/// Twitter Verification Has More To Do With Being Good At Twitter Than With Identity
Twitter has done a great job at keeping the whole “blue badge” verification process a mystery. If curiosity eats away at you like it does me, you’re in luck. A new video from comedians Hari and Ashok Kondabolu, featuring Anil Dash who has around 500k followers, shows the magical transformation from start to finish.
First off, it’s important to know that you can’t ask to be verified. Twitter only offers this blessing upon those with enough followers and popularity to deserve it. However, the company promises that follower count has no bearing.
We don’t accept verification requests from the general public, but we encourage you to continue using Twitter in a meaningful way, and you may be verified in the future. Please note that follower count is not a factor in determining whether an account meets our criteria for verification.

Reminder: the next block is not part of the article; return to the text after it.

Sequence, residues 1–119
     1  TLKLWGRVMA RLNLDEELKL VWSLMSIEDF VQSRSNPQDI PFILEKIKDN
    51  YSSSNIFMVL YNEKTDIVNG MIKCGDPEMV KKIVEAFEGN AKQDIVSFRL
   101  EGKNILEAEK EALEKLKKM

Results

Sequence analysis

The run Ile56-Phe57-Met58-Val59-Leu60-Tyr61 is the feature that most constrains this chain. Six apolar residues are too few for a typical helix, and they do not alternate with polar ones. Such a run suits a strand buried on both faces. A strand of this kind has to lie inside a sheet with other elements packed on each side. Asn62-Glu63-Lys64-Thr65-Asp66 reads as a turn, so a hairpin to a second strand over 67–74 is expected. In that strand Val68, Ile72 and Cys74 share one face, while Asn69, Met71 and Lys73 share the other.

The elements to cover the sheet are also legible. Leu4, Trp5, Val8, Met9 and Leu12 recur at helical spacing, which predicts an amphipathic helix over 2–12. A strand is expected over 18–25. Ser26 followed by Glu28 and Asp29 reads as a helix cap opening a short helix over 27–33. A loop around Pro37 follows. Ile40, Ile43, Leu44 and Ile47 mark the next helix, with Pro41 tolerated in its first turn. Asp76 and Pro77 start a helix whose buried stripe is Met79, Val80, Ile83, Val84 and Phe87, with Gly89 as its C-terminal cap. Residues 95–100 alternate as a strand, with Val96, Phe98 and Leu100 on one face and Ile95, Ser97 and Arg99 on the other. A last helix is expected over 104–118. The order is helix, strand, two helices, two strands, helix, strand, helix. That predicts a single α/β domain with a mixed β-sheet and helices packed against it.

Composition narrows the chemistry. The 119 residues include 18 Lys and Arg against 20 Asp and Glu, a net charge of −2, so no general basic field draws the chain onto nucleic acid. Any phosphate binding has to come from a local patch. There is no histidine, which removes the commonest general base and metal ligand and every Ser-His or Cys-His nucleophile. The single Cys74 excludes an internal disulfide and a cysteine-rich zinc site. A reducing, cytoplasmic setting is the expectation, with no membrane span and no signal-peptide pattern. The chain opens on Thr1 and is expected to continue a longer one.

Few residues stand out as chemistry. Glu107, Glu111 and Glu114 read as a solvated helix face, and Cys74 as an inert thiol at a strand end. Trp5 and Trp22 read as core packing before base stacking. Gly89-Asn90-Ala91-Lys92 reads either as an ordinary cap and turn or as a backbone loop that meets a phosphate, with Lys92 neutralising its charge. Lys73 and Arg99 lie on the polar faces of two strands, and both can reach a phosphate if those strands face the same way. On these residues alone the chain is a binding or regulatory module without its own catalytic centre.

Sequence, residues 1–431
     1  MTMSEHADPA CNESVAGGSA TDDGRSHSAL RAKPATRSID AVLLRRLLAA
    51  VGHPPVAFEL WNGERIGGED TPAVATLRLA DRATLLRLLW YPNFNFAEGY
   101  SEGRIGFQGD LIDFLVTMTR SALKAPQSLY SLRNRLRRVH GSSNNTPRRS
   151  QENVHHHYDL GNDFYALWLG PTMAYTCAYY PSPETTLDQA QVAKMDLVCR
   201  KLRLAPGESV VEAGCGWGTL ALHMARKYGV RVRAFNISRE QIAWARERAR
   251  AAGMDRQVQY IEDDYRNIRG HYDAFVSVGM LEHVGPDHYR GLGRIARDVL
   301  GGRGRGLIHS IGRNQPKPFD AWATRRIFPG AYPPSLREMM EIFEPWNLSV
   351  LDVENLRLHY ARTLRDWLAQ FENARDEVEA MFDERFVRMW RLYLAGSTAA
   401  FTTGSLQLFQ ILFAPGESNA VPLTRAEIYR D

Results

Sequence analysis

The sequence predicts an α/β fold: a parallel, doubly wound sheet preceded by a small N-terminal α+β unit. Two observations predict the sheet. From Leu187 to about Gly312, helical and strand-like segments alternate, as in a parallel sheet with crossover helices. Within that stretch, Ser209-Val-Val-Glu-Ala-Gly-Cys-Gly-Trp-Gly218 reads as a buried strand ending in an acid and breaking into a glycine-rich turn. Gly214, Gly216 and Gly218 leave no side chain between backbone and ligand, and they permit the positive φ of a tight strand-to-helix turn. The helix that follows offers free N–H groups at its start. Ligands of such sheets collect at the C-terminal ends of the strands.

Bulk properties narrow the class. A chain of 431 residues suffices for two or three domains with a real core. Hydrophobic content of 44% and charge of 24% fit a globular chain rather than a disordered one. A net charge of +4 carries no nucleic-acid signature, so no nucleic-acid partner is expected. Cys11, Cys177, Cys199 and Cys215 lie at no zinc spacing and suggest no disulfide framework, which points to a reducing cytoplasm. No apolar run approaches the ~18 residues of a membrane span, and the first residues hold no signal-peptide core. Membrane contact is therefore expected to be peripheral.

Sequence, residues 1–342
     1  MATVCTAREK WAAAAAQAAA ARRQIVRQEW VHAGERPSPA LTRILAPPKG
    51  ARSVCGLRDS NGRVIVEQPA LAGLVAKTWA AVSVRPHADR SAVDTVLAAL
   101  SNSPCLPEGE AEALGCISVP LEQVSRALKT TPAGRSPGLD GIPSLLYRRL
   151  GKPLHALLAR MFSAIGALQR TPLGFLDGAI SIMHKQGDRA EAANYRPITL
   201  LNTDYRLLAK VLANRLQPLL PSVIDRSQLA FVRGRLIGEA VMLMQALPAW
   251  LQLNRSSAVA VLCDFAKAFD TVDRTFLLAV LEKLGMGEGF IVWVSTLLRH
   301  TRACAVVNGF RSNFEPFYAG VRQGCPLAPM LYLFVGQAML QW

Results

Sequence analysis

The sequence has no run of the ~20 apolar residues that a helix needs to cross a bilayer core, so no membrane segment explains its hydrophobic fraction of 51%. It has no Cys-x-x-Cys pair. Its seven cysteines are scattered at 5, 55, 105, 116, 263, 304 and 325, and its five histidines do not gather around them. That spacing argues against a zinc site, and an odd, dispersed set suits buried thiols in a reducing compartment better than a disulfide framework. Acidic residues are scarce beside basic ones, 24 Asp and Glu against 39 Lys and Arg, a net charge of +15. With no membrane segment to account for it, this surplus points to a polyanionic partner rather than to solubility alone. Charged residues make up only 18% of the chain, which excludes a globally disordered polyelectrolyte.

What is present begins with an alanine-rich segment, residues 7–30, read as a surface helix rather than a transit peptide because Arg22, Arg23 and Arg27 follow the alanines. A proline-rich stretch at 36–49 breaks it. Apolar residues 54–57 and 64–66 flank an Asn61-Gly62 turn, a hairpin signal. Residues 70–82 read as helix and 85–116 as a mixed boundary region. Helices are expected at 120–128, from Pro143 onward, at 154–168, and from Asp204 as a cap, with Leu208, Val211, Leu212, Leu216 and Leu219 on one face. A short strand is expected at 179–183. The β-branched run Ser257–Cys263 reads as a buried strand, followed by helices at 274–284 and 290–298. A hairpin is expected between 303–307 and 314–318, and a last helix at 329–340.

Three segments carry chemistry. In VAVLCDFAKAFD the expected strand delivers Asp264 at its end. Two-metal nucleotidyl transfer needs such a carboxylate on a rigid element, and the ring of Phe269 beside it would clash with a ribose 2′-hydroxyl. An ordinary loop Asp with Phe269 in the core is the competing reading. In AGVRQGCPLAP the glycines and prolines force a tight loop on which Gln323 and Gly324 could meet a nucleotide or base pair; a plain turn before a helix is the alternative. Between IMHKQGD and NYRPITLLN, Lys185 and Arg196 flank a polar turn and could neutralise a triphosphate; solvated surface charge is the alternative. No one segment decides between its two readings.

If you have been chosen, the Twitter account @verified will hit you up to let you know you’ve been selected, and tell you that you’re only “three steps away” from having that bright blue badge pinned to your account.
But Twitter’s process for verifying its users has absolutely nothing to do with verifying identity, so don’t worry about whipping out a drivers’ license or anything. Instead, Twitter uses a painfully easy multiple-choice quiz to test your badge-worthiness. It asks questions like, “Which tweet is more likely to double your followers?”
It then gives the option of a live-tweet about the Oscars, complete with hashtag, or option B, “I watched the #Oscars last night.” Anyone with enough followers to be verified knows that Twitter is about real-time communication. All three questions are of the same stock and breed, all stupidly simple.
Chances are, Twitter probably does go through some sort of analysis of your Twitter feed and other things to verify that @LadyGaGa and @finkd and @aplusk are legit. But this quiz is pretty silly, considering that all it verifies is that people with a lot of followers are good at Twitter. Which, of course, seems obvious.
We’ve reached out to Twitter to see if they can possibly shed a little more light on this. We’ll update if we hear anything.
TechCrunch – Jordan Crook